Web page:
'I'he switch charging mechanism I4 is sealed into the open end of the supporting tube 25J, and consists of a switch housing 4t which is cylindrical in shape having an outside diameter approximately equal to the inside diameter of the supporting tube 2B, a contact rod 48 movably disposed alcng the axis of the switch housing 46, and an armature 5D in the shape of a rectangular bar attached to the contract rod A8 approximately at its center. The switch housing 46 consists of a cylindrical member 52 which is snugly fitted into the supporting tube 20 of the dosimeter, a disc 54 attached to the inner end of the cylindrical member and is provided with an aperture 56 at its center having a diameter suiiicient to permit motion of the contact rod i8 therethrough, a second disc 58 attached to the open end of the cylindrical member 52 having an orifice 60 at its center which is sealed to a sleeve terminal 62, and a pair of disc-shaped keys 64 mounted within the cylindrical member 52, one of the disc-shaped keys being attached to the inner surface of the disc 5l! and the other key being attached to the inner surface of disc 58. The sleeve terminal t2 is provided with a central bore 63 into which the one end of the contact rod 4S is slidably mounted. All of the parts of the switch housing 4S are constructed of transparent materials, for example methyl methacrylate resin, in order to permit the passage of light into the interior of the dosimeter so that the position of the fiber 38 of the electrometer I6 may be Viewed through the optical system I0. Slots 66 in the ring-like keys E4 face the armature 53 and are slightly wider than the depth of the armature 50, so that the armature may be inserted therein. The slots 56 are oriented normal to each other also, the ringlike keys 64 are spaced from each other along the central axis by a distance which is slightly greater than the height of the armature, so that the armature may be rotated between the ringlike keys 64. A spring 6l is spiraled about the contact rod 48 and compressed between the armature 50 and the disc 54 adjacent to the ion chamber I2, thus forcing the armature 5G against the ring-like key 64 farthest from the ionization chamber I2. The remote end of the electrometer supporting wire 3] from the electrometer IS is bent into a position on the axis of the tube 2d, and forms a contact element G8 for the charging switch I4. The contact element 68 is directly in line with the contact rod 48, and motion of the contact rod 48 against the spring 81 would bring the contact rod 48 into contact with the contact element S6 were it not for the stop provided by the intermediate ring-like key 64. However, the slot 66 in the ring-like key G4 intermediate the armature 58 and the contact element 88 is of suficient depth to permit motion of the contact rod 48 into contact with the Contact element 63 when the armature 5c registers with the key 6,4. The armature 58 may be constructed of any ferromagnetic substance, such as iron for example.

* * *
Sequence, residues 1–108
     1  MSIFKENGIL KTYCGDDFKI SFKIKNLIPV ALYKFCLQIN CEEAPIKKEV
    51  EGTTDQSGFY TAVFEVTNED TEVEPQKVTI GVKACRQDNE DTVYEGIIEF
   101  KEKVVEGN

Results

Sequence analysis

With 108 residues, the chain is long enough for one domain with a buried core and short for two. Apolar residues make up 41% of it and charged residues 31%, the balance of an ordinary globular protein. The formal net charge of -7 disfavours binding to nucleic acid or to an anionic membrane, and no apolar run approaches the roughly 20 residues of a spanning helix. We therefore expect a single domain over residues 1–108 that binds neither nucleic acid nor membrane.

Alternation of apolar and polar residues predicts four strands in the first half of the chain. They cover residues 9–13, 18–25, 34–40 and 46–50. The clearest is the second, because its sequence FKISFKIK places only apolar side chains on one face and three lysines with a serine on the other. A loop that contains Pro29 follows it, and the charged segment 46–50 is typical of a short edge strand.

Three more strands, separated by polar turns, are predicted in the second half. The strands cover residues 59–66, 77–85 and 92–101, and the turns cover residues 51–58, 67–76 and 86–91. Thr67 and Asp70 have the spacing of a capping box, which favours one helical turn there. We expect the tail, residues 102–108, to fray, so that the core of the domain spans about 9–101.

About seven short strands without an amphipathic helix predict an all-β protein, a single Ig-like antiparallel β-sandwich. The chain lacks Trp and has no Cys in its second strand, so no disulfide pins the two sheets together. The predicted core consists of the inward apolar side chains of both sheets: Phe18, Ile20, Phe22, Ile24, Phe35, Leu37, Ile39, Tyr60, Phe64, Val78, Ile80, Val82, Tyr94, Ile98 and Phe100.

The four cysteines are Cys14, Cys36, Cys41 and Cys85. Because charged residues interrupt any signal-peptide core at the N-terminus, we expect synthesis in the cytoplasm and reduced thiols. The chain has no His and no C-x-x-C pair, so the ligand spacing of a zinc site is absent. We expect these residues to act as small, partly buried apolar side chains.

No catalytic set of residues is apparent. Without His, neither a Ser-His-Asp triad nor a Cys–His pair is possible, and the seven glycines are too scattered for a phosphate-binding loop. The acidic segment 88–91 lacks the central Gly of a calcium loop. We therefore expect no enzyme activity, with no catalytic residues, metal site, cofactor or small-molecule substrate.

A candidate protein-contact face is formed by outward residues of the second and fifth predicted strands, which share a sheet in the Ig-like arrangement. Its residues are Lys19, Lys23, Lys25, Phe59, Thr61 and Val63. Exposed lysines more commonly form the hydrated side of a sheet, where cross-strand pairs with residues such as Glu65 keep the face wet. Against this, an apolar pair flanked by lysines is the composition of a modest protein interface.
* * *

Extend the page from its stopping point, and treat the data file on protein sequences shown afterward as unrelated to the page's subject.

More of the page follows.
A cap 24 constructed of transparent material, such as transparent plastic, is slidably attached to the end of the supporting tube 2Q, and covers the sleeve terminal 62.